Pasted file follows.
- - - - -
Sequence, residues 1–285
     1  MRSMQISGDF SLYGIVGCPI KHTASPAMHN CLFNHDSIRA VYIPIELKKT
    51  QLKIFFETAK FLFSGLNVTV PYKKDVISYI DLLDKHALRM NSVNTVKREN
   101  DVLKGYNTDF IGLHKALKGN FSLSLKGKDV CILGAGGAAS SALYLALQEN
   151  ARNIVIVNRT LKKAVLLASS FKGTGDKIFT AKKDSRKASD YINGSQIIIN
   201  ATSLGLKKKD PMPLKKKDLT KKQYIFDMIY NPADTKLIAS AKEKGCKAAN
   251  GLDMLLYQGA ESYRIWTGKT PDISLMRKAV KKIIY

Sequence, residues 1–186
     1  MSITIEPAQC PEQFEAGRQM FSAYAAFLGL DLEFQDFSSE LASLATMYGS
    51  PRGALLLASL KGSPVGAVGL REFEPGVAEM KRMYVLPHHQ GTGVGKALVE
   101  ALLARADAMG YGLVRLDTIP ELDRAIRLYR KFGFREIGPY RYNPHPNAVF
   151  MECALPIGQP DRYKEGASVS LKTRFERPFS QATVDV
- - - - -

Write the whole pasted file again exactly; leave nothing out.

Sequence, residues 1–285
     1  MRSMQISGDF SLYGIVGCPI KHTASPAMHN CLFNHDSIRA VYIPIELKKT
    51  QLKIFFETAK FLFSGLNVTV PYKKDVISYI DLLDKHALRM NSVNTVKREN
   101  DVLKGYNTDF IGLHKALKGN FSLSLKGKDV CILGAGGAAS SALYLALQEN
   151  ARNIVIVNRT LKKAVLLASS FKGTGDKIFT AKKDSRKASD YINGSQIIIN
   201  ATSLGLKKKD PMPLKKKDLT KKQYIFDMIY NPADTKLIAS AKEKGCKAAN
   251  GLDMLLYQGA ESYRIWTGKT PDISLMRKAV KKIIY

Sequence, residues 1–186
     1  MSITIEPAQC PEQFEAGRQM FSAYAAFLGL DLEFQDFSSE LASLATMYGS
    51  PRGALLLASL KGSPVGAVGL REFEPGVAEM KRMYVLPHHQ GTGVGKALVE
   101  ALLARADAMG YGLVRLDTIP ELDRAIRLYR KFGFREIGPY RYNPHPNAVF
   151  MECALPIGQP DRYKEGASVS LKTRFERPFS QATVDV